Human Capital and Unemployment Dynamics: Why More Educated Workers Enjoy Greater Employment Stability

60 Pages Posted: 31 May 2017

See all articles by Isabel Cairo

Isabel Cairo

Board of Governors of the Federal Reserve System

Tomaz Cajner

Board of Governors of the Federal Reserve System

Date Written: February, 2014

Abstract

Why do more educated workers experience lower unemployment rates and lower employment volatility? A closer look at the data reveals that these workers have similar job finding rates, but much lower and less volatile separation rates than their less educated peers. We argue that on-the-job training, being complementary to formal education, is the reason for this pattern. Using a search and matching model with endogenous separations, we show that investments in match-specific human capital reduce the outside option of workers, implying less incentives to separate. The model generates unemployment dynamics that are quantitatively consistent with the cross-sectional empirical patterns.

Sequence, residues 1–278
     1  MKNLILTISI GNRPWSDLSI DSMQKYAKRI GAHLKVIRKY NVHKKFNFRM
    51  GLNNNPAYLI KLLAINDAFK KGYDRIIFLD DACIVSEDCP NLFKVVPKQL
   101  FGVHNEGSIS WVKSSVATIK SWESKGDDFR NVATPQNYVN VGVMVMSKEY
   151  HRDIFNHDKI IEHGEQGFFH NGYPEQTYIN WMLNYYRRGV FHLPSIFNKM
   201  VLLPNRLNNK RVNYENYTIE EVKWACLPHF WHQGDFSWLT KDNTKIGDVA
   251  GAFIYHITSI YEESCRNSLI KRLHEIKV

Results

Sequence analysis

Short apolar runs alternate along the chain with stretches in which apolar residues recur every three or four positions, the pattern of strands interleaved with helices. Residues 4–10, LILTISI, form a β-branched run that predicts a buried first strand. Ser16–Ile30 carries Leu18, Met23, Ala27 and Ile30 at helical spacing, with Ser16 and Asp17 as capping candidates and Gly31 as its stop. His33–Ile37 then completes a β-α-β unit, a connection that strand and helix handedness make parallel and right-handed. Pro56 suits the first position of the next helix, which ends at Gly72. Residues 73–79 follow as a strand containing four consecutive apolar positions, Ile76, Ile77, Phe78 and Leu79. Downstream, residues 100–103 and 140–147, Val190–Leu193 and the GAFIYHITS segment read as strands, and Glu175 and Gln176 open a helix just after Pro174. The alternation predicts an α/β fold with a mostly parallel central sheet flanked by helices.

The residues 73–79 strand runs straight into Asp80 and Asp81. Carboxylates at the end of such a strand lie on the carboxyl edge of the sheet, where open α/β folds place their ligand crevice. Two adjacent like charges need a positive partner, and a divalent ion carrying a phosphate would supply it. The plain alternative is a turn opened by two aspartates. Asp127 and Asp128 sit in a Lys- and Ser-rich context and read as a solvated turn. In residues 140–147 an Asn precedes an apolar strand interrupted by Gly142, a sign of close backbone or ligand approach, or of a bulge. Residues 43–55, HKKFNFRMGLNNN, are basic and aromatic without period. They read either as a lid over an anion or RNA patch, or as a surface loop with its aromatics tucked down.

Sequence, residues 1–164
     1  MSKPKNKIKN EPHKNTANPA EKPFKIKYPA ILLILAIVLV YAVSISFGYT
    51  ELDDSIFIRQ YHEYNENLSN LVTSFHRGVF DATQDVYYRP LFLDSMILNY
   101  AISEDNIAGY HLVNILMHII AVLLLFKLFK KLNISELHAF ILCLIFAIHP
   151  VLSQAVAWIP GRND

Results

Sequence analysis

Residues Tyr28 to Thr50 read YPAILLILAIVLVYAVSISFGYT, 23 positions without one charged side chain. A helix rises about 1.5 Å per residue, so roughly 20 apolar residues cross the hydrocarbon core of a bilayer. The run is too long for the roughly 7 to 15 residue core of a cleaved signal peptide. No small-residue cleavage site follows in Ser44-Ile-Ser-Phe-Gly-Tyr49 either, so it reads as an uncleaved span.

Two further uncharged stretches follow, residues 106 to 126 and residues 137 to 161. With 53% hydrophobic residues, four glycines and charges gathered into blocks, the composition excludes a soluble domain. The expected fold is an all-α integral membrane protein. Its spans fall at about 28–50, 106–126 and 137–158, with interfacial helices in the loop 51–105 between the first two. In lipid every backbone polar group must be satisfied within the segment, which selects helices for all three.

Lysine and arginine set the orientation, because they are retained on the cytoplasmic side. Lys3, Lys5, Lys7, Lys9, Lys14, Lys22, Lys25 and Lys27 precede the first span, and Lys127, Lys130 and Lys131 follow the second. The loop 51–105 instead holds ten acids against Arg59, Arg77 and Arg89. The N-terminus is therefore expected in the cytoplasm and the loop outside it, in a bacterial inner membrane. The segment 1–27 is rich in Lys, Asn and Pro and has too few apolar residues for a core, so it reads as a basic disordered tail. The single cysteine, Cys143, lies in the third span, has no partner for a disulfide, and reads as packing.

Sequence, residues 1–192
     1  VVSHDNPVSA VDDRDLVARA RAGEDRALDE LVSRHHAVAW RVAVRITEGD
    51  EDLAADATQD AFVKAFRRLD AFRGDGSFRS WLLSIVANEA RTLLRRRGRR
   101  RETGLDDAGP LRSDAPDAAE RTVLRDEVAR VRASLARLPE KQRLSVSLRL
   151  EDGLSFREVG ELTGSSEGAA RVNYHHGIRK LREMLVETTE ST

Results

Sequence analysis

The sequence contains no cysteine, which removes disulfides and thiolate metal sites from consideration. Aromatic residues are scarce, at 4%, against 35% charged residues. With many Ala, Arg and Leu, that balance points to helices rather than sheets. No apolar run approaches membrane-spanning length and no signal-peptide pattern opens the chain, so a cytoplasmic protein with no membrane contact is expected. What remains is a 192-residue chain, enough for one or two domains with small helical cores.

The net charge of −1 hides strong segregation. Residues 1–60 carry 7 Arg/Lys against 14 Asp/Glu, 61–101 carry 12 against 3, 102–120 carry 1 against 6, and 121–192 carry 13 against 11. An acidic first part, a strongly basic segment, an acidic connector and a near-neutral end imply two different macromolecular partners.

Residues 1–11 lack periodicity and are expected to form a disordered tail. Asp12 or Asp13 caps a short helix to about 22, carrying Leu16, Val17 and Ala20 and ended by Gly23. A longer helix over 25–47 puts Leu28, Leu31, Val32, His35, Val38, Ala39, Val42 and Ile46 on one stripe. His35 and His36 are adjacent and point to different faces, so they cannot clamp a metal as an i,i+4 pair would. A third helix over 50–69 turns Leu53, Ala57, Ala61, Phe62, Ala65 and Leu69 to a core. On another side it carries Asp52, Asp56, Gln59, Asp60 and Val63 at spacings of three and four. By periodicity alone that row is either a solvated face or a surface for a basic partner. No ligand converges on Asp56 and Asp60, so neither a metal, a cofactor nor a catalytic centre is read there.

JEL Classification: E24, E32, J24, J64

Suggested Citation

Cairo, Isabel and Cajner, Tomaz, Human Capital and Unemployment Dynamics: Why More Educated Workers Enjoy Greater Employment Stability (February, 2014). FEDS Working Paper No. 2014-9, Available at SSRN: https://ssrn.com/abstract=2976898

Isabel Cairo (Contact Author)

Board of Governors of the Federal Reserve System ( email )

20th Street and Constitution Avenue NW
Washington, DC 20551
United States

Tomaz Cajner

Board of Governors of the Federal Reserve System ( email )

20th Street and Constitution Avenue NW
Washington, DC 20551
United States

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